There’s Still a Place Where Folks Believe in the Redskins Ticket Waiting List. But Not Around Here
Here's how powerful the legend of the Redskins season ticket waiting list really is: Yesterday the Raleigh (N.C.) News & Observer ran a long column about how a Charlotte lawyer's lifetime dream of having Skins tickets is about to become a reality.
In 1989, when he was a 9-year-old from Virginia Beach, Norris Adams had a feverish love for the Washington Redskins.
At a Redskins home game that season, he persuaded his parents to put him on the waiting list to buy season tickets.
Twenty years later, Adams is a 29-year-old lawyer in Charlotte. He recently received a burgundy envelope with the word "CONGRATULATIONS" in golden type.
Adams had made it to the top of the Redskins' list. According to the team, more than 200,000 people are behind him.
According to the story, Adams talked his wife into letting him buy the tickets by telling her "this season ticket opportunity is a once-in-a-lifetime thing and it's going to change our lives forever."
In the Carolinas in 2009, getting Skins tickets is not only newsworthy, but a life-changer?
So the legend of the waiting list still has clout 400 miles away from Raljon.
Up here, not so much.
Mr. Adams apparently hasn't heard that in the DC area the Redskins are so short of customers they're sending offers to buy season tickets to folks who never signed up for any waiting list.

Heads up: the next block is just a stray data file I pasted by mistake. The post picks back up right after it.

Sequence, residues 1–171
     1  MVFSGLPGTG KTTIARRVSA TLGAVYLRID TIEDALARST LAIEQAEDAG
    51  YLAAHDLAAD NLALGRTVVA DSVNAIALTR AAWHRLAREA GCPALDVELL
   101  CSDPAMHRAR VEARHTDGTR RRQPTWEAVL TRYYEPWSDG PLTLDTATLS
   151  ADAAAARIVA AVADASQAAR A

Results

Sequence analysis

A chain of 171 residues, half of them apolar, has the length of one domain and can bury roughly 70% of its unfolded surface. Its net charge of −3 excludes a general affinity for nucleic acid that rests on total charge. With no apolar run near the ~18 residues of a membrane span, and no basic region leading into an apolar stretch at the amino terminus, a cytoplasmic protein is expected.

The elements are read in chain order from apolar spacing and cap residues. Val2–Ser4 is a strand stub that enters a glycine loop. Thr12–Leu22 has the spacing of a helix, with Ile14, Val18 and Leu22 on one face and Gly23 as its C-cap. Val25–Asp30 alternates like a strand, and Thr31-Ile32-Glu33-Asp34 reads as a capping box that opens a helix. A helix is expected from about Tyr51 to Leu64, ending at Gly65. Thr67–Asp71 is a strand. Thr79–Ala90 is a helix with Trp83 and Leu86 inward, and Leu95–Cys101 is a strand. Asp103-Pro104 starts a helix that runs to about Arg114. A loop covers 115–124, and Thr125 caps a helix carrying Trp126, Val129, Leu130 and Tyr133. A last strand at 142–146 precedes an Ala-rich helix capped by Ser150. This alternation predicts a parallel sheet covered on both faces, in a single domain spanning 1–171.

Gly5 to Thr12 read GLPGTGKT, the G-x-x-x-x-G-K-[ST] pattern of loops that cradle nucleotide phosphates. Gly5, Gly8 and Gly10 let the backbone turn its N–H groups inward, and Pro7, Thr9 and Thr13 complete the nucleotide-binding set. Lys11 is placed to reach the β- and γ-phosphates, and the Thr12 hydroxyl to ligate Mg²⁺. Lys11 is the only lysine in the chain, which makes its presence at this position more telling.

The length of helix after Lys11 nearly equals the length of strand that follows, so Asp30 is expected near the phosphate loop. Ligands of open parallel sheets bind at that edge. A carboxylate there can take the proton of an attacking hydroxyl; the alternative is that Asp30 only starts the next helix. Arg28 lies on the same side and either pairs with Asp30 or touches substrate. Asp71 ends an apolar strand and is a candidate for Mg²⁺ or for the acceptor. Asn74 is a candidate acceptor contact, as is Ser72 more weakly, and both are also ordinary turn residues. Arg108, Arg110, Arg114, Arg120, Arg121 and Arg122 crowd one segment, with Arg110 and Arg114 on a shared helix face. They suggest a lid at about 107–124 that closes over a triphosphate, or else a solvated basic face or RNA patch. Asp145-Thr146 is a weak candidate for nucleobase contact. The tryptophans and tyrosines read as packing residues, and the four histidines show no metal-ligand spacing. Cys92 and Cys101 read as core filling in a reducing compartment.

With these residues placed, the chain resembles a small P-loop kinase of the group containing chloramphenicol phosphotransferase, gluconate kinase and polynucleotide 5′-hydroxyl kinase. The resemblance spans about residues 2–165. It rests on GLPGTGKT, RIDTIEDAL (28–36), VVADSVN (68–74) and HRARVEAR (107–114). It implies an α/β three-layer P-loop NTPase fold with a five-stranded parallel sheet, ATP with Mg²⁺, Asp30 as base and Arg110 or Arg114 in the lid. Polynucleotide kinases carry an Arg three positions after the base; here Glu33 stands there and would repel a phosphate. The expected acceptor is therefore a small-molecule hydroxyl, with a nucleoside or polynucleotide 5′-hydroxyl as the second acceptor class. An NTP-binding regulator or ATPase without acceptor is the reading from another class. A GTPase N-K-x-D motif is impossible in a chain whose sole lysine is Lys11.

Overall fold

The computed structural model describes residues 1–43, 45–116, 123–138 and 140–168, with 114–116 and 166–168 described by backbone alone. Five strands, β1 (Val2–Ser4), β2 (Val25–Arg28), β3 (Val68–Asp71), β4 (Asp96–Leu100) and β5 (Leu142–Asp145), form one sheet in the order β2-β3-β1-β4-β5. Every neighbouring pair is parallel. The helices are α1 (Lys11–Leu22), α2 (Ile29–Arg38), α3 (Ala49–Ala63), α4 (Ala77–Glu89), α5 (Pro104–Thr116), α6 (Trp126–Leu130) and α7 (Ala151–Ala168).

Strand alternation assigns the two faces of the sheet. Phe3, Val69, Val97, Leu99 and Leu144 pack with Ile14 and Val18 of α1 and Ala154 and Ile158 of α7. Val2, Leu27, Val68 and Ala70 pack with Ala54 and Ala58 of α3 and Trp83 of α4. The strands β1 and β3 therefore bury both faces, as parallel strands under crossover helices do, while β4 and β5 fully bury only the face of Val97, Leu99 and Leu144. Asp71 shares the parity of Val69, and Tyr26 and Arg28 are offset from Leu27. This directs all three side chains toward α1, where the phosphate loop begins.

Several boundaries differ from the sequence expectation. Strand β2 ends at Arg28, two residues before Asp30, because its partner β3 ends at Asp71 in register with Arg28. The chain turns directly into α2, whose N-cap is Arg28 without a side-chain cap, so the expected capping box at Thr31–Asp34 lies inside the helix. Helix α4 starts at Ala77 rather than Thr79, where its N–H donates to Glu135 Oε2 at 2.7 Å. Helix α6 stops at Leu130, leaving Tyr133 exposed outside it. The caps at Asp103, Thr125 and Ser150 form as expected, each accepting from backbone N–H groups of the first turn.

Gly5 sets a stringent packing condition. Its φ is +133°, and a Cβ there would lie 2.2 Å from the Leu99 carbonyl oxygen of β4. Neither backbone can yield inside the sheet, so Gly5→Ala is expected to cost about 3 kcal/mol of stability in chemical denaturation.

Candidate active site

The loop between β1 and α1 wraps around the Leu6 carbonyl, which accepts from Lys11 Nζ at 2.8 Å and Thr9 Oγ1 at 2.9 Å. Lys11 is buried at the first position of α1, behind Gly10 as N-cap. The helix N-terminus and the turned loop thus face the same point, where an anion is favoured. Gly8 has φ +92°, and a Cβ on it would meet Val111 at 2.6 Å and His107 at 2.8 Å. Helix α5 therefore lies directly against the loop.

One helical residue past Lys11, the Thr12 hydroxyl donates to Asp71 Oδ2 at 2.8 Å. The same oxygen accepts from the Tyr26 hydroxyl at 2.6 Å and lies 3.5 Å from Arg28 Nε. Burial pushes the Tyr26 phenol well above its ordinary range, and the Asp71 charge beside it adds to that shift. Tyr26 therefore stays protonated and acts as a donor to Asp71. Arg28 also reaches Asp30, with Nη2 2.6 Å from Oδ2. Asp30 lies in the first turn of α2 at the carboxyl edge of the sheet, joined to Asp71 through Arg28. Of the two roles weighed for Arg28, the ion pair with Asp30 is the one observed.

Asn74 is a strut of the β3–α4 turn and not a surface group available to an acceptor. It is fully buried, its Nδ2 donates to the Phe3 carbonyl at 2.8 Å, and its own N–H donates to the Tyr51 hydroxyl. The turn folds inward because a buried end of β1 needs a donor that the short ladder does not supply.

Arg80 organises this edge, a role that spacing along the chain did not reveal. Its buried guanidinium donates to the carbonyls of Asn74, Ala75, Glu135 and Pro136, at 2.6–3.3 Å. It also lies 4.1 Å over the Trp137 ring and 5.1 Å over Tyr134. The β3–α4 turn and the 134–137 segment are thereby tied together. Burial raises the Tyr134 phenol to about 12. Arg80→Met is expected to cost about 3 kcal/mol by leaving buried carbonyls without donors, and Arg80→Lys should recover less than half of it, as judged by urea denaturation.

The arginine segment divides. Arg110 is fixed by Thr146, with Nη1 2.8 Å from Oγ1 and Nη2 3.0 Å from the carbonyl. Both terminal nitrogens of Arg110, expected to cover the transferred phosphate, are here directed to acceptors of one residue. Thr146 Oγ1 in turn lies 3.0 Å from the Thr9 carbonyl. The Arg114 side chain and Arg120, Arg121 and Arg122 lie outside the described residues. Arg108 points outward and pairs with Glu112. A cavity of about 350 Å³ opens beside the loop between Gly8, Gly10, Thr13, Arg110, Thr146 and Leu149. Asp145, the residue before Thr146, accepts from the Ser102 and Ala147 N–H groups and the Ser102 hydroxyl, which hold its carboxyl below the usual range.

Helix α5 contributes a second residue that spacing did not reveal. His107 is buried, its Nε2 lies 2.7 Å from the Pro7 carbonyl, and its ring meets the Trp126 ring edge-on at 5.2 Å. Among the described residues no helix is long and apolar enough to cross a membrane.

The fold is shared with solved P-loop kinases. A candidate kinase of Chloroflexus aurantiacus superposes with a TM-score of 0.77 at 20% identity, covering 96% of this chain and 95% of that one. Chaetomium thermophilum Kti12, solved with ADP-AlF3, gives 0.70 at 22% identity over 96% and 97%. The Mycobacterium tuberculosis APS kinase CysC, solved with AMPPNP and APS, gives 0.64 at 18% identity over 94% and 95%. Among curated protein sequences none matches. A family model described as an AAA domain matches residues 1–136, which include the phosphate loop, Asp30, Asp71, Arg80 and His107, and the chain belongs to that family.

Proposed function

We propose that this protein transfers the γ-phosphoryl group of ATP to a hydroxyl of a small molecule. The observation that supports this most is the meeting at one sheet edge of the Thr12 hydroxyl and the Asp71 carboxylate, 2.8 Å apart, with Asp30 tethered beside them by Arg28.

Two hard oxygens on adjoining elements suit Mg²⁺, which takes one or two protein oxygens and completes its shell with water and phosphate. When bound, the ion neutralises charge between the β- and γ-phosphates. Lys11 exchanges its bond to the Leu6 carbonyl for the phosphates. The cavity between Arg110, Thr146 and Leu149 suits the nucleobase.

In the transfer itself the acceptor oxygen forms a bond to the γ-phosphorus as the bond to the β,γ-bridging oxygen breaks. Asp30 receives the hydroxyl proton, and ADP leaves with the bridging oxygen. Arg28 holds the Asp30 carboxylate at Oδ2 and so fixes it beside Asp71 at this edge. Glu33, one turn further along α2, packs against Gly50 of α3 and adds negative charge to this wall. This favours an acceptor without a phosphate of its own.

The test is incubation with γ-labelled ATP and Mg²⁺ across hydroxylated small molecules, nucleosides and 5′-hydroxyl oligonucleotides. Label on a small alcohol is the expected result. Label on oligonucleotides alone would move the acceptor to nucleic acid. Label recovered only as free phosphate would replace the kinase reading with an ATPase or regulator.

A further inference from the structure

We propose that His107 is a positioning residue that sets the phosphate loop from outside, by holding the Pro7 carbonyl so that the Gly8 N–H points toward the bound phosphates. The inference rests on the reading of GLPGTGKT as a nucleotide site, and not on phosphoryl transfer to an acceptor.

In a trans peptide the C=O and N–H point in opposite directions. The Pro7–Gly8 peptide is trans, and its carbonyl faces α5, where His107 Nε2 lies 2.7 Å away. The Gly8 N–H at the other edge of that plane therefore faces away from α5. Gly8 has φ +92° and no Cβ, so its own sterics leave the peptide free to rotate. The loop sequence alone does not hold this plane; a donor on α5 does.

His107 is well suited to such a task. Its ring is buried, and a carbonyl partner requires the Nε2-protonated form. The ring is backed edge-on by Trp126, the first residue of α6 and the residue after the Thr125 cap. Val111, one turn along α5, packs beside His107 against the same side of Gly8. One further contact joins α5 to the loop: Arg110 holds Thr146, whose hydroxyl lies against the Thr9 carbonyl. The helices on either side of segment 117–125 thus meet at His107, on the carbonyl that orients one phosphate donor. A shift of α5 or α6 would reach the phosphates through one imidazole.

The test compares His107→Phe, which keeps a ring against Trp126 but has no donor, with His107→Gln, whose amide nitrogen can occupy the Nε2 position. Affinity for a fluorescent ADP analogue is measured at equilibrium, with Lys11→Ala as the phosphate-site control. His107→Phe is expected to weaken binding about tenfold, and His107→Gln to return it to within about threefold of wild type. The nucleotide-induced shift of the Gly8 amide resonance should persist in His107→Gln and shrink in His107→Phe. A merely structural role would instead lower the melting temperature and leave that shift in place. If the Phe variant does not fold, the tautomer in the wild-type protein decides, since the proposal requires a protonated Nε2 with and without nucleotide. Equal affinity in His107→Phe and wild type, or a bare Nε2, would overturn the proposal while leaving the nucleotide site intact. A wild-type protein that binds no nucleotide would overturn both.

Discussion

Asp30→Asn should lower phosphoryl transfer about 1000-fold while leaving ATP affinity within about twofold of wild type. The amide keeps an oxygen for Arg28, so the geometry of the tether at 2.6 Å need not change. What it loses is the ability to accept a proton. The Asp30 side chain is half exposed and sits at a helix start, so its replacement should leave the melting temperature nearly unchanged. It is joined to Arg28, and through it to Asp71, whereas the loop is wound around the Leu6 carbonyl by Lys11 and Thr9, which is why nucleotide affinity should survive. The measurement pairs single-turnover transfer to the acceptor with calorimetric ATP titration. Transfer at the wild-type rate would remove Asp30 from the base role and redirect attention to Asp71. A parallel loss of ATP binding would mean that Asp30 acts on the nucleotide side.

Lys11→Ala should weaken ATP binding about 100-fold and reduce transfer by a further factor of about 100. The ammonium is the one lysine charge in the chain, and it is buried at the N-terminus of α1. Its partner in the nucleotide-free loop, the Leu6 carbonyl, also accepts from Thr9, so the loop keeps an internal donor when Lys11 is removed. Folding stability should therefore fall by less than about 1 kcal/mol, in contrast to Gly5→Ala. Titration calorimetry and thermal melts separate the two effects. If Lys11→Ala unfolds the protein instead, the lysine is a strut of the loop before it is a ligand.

Yet by the end of the story, we learn that even Adams, despite all his burgundy and gold delirium, can kinda sense desperation in the Redskins ticket operation.
Adams hadn't even kept the Redskins apprised of his address or contact information, and he has no idea how they found him. He's just glad they did.
"I don't know what voodoo the Redskins used to hunt me down after all these years, but I sure hope they use some of that witchcraft come this fall," Adams said. "Their newest season ticket holder is counting on it."
In the comments section for the story, other readers of the Raleigh paper step forward to say that they, too, have gotten offers for Redskins tickets.
Again, these folks are hundreds of miles away.
Why is Skins management blanketing such a remote market?
All the strange behaviors are enough to make one wonder about those layoffs in the Redskins ticket office a few months back, where workers who reportedly worked "in general admission sales" were let go.
At the time, the firings were portrayed as signs of the bad U.S. economy.
But on the Redskins- owned message board, extremeskins.com, there have been postings that the entire staff of the ticket office has been replaced.
Could it be that Dan Snyder turned over the staff because he was worried that up here, he can't sell enough tickets to fill his stadium?
Can Cody Glenn save the day?